March 26, 2010

Confusion over Quebec’s anti-burkha moves

Filed under: Cancon, Law, Liberty, Religion — Tags: , , , , — Nicholas @ 10:46

Even in the same newspaper, the conclusions are drawn based on the observer’s preferred worldview, rather than the facts of the case. In the National Post, here’s Barbara Kay’s ringing endorsement for a pro-equality outcome:

Chapeau, le Québec! That means, “Hats off to you, Quebec.”

With the announcement of Bill 94, barring the niqab in publicly funded spaces, Quebec has dared to tread where the other provinces, feet bolted to the floor in politically correct anguish, cannot bring themselves to go.

The new bill will proscribe face cover by anyone employed by the state, or anyone receiving services from the state. That covers all government departments and Crown corporations, and as well hospitals, schools, universities and daycares receiving provincial funding.

I can’t remember a time when Quebecers were more unified on a government initiative.

Also in the National Post, here’s Chris Selley doing his best Inigo Montoya imitation:

I’m not quite sure what Quebec’s new Bill 94 means, but I’m pretty sure it doesn’t mean what Premier Jean Charest and Immigration Minister Yolande James are saying it means.

Here’s Ms. James: “To work in the Quebec public service or to receive the services of the Quebec state, your face has to be uncovered.”

Here’s Mr. Charest: “Two words: Uncovered face. The principle is clear.”

And here’s Bill 94: “The general practice holds that a member of the staff of the administration of government . . . and a person to whom services are being rendered . . . will have their faces uncovered during the rendering of services.”

Huh? General practice? Oh: “When an accommodation involves a change to this practice, it must be refused if motives related to security, communication or identification justify it.”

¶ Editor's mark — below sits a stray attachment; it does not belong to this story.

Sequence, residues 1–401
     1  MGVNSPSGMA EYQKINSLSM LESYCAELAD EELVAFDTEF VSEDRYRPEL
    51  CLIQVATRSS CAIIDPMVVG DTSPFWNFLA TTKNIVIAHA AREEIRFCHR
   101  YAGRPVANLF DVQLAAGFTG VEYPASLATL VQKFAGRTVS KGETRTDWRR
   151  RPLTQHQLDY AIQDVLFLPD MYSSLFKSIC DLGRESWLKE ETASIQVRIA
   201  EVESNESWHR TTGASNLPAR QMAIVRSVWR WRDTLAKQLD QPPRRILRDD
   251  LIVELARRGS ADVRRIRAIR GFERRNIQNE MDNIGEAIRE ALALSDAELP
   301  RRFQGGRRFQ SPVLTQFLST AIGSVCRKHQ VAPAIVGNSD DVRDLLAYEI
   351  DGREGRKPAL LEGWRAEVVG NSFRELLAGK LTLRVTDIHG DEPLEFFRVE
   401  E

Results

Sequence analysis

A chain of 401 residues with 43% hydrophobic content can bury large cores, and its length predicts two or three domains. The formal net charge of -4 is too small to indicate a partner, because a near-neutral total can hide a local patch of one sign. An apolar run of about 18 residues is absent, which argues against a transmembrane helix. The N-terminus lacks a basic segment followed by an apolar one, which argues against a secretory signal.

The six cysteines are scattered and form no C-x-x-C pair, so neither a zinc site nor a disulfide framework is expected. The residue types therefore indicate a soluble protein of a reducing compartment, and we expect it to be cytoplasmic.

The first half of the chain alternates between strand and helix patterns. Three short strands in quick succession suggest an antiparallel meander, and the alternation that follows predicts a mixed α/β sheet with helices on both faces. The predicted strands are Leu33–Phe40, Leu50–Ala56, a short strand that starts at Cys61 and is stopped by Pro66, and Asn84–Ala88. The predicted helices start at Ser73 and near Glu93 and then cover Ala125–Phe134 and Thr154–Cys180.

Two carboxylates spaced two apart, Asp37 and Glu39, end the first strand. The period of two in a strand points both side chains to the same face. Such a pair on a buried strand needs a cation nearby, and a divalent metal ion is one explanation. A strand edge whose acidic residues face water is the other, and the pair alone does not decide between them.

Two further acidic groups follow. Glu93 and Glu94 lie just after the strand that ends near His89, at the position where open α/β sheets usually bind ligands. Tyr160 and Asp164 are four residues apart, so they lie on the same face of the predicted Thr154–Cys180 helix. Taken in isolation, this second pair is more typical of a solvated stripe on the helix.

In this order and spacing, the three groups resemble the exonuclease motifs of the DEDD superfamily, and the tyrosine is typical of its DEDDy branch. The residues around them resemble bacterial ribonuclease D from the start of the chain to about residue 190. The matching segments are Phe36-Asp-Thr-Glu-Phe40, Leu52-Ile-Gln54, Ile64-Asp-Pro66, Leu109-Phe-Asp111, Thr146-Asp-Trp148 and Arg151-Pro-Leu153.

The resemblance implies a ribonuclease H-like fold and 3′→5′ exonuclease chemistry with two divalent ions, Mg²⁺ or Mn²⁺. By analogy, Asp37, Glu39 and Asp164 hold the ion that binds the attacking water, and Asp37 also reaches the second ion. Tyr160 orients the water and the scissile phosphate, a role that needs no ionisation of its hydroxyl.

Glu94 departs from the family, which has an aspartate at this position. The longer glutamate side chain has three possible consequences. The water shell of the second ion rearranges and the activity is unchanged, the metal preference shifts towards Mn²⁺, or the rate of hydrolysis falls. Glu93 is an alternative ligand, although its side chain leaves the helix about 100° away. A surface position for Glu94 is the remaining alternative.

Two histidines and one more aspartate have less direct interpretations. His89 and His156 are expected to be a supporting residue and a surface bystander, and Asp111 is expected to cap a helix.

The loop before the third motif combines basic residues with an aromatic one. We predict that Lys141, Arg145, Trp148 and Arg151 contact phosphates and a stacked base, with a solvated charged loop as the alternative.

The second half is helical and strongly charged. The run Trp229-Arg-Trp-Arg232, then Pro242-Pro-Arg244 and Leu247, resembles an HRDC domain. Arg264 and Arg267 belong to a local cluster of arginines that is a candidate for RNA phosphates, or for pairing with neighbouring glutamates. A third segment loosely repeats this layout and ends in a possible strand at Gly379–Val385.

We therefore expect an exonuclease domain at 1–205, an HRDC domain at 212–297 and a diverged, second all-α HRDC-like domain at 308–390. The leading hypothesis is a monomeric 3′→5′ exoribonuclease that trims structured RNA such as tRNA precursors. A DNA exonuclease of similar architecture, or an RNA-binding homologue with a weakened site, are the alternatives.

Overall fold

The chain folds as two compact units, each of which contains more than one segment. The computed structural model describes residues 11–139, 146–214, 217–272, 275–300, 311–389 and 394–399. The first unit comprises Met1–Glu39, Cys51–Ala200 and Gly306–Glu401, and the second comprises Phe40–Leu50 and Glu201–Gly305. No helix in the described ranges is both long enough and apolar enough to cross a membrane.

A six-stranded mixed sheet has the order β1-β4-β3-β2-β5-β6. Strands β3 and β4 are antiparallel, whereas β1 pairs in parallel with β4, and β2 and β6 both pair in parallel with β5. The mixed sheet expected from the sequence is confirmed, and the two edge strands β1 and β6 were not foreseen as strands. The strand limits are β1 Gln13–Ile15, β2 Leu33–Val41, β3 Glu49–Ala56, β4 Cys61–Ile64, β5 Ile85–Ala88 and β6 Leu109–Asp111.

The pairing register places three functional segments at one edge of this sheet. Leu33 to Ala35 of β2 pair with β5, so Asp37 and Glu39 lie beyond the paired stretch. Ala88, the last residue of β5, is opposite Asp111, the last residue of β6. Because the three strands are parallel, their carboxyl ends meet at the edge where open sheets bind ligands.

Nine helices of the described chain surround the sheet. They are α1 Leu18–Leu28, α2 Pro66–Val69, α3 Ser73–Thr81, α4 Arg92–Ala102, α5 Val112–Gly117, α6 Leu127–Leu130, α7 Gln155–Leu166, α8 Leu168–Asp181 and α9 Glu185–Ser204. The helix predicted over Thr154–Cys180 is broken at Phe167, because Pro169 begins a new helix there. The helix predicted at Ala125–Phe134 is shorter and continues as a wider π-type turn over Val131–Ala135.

So there will be accommodations, then? You sure wouldn’t have known it from Wednesday’s news conference.

All that being said, I can’t disagree with the sentiment later in Barbara Kay’s column:

Some of these women may, as in France, have adopted the niqab for ideological purposes (a serious problem in itself), but most niqab-wearing women are virtual prisoners, who have never known, and would be afraid (with reason) to exercise their “freedom of choice.”

For those confused liberals who instinctively hate the niqab but feel guilty about banning it, it will help them if they understand that the burka and niqab are not “worn,” but “borne.” The niqab is not an article of clothing; it is a tent-like piece of cloth supplemental to clothing. Full cover is worn as a reminder to the “bearer” that she is not free, and to remind the observer that the bearer is a possession, something less than a full human being.

Update: The National Post editorial board comes out against the Quebec bill:

Gender equality — a stated goal of Bill 94 — is a noble goal. But the law would go too far, using the state’s power to leverage a campaign of social engineering. As conservatives, we oppose such encroachments on individual liberties. But liberals, too, should understand the stakes at play here: The principle that government has no role in our wardrobes is the same one that excludes it from our bedrooms.

In the short term, the better approach is the one recently embarked upon by several Quebec schools, where administrators have common-sensically resolved the issue of what constitutes “reasonable accommodation” on a case-by-case basis. In the long term, moreover, we are convinced that legislation won’t be necessary at all: Muslim groups themselves increasingly are joining the chorus against the niqab, a welcome development that puts the lie to the notion that Canadian Muslims are uniformly backward in their attitudes toward women.

It would benefit women, Muslims, inter-faith relations and Canadian values alike if this unfortunate practice were extinguished voluntarily by the affected community itself rather than by heavy-handed state edict.